registration with its new address.  The other endpoint can - in the
   role of a Pool User (PU) - ask an ENRP server for its peer node's new
   addresses.  After the new address is known, it is able to create a
   new SCTP path and continue the communication.

   The usage of RSerPool to provide support for mobile endpoints
   provides the following advantages:

   o  Simplicity: No Mobile IP/Mobile IPv6 infrastructure is needed.  In
      particular, it is not necessary that the providers of used
      networks (e.g. public WLAN access points, UMTS providers, etc.)
      provide any support for the mobility solution.

   o  Efficiency: No tunneling of traffic is necessary.

   o  Deployability: All major SCTP implementations already support the
      Dynamic Address Reconfiguration extension.  It is only necessary
      to provide support for RSerPool, e.g. in the form of a userspace
      library, which is much easier to deploy than kernel extensions.

   o  Flexibility: RSerPool provides a complete session layer.  That is,
      providing applications on top of RSerPool makes the support for
      high availability simple.

   A more detailed description of our approach for endpoint mobility, as
   well as a performance analysis using a prototype implementation, can
   be found in our paper [1].







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4.  Normative References

   [1]   Dreibholz, T., Jungmaier, A., and M. Tuexen, "A new Scheme for
         IP-based Internet Mobility", Proceedings of the 28th IEEE Local
         Computer Networks Conference, November 2003.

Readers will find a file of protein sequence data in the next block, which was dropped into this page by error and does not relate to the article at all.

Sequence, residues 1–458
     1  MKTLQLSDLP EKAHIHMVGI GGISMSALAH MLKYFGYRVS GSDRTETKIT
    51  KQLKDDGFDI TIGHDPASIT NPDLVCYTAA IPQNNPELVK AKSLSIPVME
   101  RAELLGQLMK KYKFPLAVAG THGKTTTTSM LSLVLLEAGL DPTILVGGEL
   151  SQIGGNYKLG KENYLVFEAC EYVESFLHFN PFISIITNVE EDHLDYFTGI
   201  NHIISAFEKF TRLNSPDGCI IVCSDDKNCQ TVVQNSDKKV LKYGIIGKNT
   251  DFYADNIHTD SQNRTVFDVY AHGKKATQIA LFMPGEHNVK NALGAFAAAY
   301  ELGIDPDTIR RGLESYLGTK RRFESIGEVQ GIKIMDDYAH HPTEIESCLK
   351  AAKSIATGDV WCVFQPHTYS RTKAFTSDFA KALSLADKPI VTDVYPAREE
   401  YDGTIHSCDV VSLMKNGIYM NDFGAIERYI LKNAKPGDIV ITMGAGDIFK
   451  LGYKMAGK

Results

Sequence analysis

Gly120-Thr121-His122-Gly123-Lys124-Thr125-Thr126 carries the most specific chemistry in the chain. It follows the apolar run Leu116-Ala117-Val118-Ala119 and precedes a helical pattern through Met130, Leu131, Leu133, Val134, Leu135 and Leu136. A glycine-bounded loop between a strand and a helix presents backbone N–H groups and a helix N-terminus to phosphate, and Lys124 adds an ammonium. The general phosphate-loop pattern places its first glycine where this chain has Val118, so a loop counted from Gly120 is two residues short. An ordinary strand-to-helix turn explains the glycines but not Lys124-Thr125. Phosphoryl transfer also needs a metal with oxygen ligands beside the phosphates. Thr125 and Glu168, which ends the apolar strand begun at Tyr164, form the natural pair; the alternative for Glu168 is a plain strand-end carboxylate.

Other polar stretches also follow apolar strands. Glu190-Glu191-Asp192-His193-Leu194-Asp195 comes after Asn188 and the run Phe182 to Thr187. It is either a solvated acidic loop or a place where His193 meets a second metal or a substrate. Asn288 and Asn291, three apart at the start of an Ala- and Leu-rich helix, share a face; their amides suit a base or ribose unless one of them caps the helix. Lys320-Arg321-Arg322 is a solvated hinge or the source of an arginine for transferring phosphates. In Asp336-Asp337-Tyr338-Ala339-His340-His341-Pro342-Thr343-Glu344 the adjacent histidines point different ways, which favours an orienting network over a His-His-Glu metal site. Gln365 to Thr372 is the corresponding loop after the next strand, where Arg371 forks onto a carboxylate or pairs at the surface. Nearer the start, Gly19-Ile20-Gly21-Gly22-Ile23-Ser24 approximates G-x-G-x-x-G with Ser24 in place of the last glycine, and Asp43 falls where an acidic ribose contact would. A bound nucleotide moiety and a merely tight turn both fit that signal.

[2]   Dreibholz, T., "An efficient approach for state sharing in
         server pools", Proceedings of the 27th IEEE Local Computer
         Networks Conference, October 2002.

   [3]   Dreibholz, T. and E. Rathgeb, "An Application Demonstration of
         the Reliable Server Pooling Framework", Proceedings of the 24th
         IEEE Infocom, March 2005.

   [4]   Dreibholz, T. and E. Rathgeb, "Implementing the Reliable Server
         Pooling Framework", Proceedings of the 8th IEEE International
         Conference on Telecommunications, June 2005.

   [5]   Ong, L., Rytina, I., Garcia, M., Schwarzbauer, H., Coene, L.,
         Lin, H., Juhasz, I., Holdrege, M., and C. Sharp, "Framework
         Architecture for Signaling Transport", RFC 2719, October 1999.

   [6]   Stewart, R., Xie, Q., Morneault, K., Sharp, C., Schwarzbauer,
         H., Taylor, T., Rytina, I., Kalla, M., Zhang, L., and V.
         Paxson, "Stream Control Transmission Protocol", RFC 2960,
         October 2000.

   [7]   Tuexen, M., Xie, Q., Stewart, R., Shore, M., Ong, L., Loughney,